Unique ocean-derived particles serve as a proxy for changes in ocean chemistry

Cassandra J. Gaston, Hiroshi Furutani, Sergio A. Guazzotti, Keith R. Coffee, Timothy S. Bates, Patricia K. Quinn, Lihini I. Aluwihare, B. Gregory Mitchell, Kimberly A. Prather

Research output: Contribution to journalArticle

45 Scopus citations

Abstract

Oceans represent a significant natural source of gases and particles to the atmosphere. Relative to gas phase compounds, less is known regarding the influence of changes in biological activity in the ocean on the chemistry of sea spray aerosols produced in marine environments. To gain insight into the influence of ocean biology and chemistry on atmospheric aerosol chemistry, simultaneous real-time measurements were made of atmospheric aerosol size and chemical mixing-state, gas phase dimethyl sulfide (DMS), as well as seawater DMS and chlorophyll a. In three different marine environments with elevated chlorophyll a and DMS, unique Mg particles were detected containing Mg 2+, Ca2+, K+, and organic carbon. These particles were segregated from sea salt particles highlighting that two subpopulations within the sea spray were being ejected from the ocean. Strong temporal correlations were observed between these unique ocean-derived particles and freshly emitted sea salt particles (R2 = 0.86), particularly as wind speed increased to at least 10 m/s, and atmospheric DMS (R2 = 0.76). Time series correlations between ocean measurements and atmospheric aerosol chemistry suggest that chlorophyll a and DMS serve as indicators of changes in the chemistry of the ocean, most likely an increase in organic material, which is directly reflected in the single particle mixing-state. This is the first time such real-time correlations are shown between ocean chemistry and atmospheric aerosol mixing-state. The reasons behind these observed changes in aerosol chemistry are critical for understanding the heterogeneous reactivity, water uptake, and cloud forming potential of sea spray aerosols.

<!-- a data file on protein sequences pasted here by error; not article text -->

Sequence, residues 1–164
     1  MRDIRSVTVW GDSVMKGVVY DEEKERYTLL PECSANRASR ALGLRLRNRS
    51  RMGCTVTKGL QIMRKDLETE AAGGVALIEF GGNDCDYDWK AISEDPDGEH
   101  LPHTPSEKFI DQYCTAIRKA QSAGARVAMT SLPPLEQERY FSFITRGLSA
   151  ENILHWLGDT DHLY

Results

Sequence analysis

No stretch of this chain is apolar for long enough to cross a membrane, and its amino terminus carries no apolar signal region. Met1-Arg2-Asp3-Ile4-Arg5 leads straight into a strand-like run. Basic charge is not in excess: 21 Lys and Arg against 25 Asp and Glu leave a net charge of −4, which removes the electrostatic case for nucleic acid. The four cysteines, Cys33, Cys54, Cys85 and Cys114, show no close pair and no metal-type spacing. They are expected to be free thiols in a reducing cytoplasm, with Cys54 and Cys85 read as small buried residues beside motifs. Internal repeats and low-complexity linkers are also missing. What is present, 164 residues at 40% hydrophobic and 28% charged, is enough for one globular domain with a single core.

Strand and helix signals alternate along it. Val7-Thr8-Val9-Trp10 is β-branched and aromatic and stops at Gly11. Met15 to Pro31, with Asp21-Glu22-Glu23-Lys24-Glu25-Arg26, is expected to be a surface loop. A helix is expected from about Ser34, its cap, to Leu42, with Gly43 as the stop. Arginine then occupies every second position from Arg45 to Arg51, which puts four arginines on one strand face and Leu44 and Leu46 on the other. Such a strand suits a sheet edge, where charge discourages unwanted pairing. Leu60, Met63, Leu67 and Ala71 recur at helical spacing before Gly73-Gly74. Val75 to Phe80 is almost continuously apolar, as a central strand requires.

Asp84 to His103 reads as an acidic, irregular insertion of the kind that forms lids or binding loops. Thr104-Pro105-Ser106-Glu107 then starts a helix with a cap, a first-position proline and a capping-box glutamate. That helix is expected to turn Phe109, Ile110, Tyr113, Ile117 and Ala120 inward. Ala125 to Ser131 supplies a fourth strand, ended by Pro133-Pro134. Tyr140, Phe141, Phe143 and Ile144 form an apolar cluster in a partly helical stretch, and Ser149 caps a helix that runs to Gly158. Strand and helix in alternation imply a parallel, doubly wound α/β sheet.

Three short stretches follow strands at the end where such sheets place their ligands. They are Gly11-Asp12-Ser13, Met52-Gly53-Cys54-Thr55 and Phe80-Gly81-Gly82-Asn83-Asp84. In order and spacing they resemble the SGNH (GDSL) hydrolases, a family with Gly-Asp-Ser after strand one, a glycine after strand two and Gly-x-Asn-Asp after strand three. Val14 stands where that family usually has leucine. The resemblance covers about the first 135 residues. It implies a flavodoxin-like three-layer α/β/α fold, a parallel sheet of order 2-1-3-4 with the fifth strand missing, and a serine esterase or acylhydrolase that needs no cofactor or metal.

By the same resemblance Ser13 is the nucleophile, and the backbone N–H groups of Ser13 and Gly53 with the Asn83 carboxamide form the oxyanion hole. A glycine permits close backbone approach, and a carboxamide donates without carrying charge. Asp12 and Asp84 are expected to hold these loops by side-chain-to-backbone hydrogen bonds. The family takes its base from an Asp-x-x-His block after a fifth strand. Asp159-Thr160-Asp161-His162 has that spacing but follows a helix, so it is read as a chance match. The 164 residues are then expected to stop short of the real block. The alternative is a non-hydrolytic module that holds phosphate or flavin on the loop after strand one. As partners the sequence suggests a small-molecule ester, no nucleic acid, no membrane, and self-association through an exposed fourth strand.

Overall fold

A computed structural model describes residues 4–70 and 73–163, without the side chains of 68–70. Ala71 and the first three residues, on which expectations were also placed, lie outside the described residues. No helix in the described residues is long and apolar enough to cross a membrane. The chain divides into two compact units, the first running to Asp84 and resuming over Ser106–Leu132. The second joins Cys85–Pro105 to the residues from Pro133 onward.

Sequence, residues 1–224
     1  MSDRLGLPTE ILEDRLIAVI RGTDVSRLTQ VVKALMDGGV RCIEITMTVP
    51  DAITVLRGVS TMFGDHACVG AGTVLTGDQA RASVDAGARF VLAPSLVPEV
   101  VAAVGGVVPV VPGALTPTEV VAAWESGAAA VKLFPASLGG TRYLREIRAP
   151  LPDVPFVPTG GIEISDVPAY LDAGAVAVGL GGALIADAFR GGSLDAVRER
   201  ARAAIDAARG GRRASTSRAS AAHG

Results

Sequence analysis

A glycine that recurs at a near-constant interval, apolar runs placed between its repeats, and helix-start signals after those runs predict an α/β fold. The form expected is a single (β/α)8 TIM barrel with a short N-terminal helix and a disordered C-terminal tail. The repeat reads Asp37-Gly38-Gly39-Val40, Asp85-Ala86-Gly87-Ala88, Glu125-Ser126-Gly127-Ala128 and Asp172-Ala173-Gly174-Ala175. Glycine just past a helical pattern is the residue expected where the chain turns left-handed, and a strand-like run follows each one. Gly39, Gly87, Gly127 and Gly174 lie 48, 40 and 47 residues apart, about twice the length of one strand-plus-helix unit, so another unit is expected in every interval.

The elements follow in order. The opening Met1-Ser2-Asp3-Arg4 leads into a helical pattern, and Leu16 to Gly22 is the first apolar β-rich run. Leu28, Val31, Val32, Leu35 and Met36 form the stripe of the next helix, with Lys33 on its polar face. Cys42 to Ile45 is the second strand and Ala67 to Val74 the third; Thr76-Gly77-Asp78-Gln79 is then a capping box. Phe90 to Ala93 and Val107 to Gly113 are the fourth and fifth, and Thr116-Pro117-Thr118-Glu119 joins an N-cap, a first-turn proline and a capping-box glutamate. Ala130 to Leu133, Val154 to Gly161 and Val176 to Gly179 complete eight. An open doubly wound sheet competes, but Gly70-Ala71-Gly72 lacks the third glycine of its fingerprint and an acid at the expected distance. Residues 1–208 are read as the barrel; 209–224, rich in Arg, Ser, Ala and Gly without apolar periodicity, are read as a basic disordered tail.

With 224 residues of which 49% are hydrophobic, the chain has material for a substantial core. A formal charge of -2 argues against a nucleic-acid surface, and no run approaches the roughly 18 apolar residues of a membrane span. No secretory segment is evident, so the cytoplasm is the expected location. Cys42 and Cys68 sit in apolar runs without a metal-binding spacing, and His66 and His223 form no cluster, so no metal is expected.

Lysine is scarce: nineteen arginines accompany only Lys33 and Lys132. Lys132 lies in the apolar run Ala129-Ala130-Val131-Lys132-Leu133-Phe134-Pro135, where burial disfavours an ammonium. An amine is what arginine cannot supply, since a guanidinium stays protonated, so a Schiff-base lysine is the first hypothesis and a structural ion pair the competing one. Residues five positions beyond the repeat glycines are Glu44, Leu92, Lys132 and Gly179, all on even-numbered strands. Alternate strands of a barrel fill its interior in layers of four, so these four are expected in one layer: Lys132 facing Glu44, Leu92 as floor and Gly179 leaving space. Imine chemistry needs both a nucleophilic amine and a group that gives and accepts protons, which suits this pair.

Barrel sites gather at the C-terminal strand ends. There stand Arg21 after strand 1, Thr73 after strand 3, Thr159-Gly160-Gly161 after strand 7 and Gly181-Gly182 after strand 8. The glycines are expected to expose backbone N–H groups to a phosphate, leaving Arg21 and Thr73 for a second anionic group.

Original languageEnglish (US)
Article numberD18310
JournalJournal of Geophysical Research Atmospheres
Volume116
Issue number18
DOIs
StatePublished - Jan 1 2011
Externally publishedYes

ASJC Scopus subject areas

  • Geophysics
  • Forestry
  • Oceanography
  • Aquatic Science
  • Ecology
  • Water Science and Technology
  • Soil Science
  • Geochemistry and Petrology
  • Earth-Surface Processes
  • Atmospheric Science
  • Earth and Planetary Sciences (miscellaneous)
  • Space and Planetary Science
  • Palaeontology

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    Gaston, C. J., Furutani, H., Guazzotti, S. A., Coffee, K. R., Bates, T. S., Quinn, P. K., Aluwihare, L. I., Mitchell, B. G., & Prather, K. A. (2011). Unique ocean-derived particles serve as a proxy for changes in ocean chemistry. Journal of Geophysical Research Atmospheres, 116(18), [D18310]. https://doi.org/10.1029/2010JD015289